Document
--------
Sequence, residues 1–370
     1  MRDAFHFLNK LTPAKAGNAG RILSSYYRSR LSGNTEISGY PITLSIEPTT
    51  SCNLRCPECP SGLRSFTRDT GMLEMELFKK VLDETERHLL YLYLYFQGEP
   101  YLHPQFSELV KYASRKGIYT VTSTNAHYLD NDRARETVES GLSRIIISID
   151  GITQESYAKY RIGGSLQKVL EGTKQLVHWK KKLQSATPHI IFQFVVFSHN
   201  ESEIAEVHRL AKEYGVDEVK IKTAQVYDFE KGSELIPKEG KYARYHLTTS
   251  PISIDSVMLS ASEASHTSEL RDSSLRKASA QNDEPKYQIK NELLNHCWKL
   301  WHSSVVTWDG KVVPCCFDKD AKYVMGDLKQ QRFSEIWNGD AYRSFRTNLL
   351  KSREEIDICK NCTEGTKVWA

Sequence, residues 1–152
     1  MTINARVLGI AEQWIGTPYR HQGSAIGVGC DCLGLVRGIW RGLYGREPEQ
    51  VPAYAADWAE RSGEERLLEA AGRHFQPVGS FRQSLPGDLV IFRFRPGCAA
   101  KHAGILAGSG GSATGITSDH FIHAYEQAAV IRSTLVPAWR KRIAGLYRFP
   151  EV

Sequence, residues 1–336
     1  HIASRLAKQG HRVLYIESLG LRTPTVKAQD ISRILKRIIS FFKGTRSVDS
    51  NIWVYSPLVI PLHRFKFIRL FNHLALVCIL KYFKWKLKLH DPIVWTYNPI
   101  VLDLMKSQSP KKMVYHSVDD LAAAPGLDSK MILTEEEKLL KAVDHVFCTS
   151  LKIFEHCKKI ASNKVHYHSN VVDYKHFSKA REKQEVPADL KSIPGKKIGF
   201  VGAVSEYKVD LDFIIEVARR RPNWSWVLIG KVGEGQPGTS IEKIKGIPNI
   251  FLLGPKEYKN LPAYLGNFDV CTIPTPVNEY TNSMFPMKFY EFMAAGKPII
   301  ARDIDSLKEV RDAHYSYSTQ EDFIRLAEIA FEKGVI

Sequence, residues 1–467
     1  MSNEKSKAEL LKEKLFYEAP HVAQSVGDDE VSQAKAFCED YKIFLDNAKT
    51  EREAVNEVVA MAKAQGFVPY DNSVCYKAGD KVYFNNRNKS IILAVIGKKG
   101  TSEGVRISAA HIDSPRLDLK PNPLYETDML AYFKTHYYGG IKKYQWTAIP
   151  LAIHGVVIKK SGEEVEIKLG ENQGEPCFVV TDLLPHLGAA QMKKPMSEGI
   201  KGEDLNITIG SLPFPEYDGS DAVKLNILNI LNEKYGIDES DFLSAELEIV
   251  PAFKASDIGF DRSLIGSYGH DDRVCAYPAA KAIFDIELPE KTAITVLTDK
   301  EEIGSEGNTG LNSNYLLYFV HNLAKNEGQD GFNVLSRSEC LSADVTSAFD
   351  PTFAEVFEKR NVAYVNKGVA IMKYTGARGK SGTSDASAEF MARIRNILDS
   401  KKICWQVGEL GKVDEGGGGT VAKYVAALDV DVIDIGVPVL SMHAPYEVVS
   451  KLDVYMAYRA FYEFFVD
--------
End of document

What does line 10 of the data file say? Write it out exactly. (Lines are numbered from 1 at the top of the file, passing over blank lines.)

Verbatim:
Sequence, residues 1–152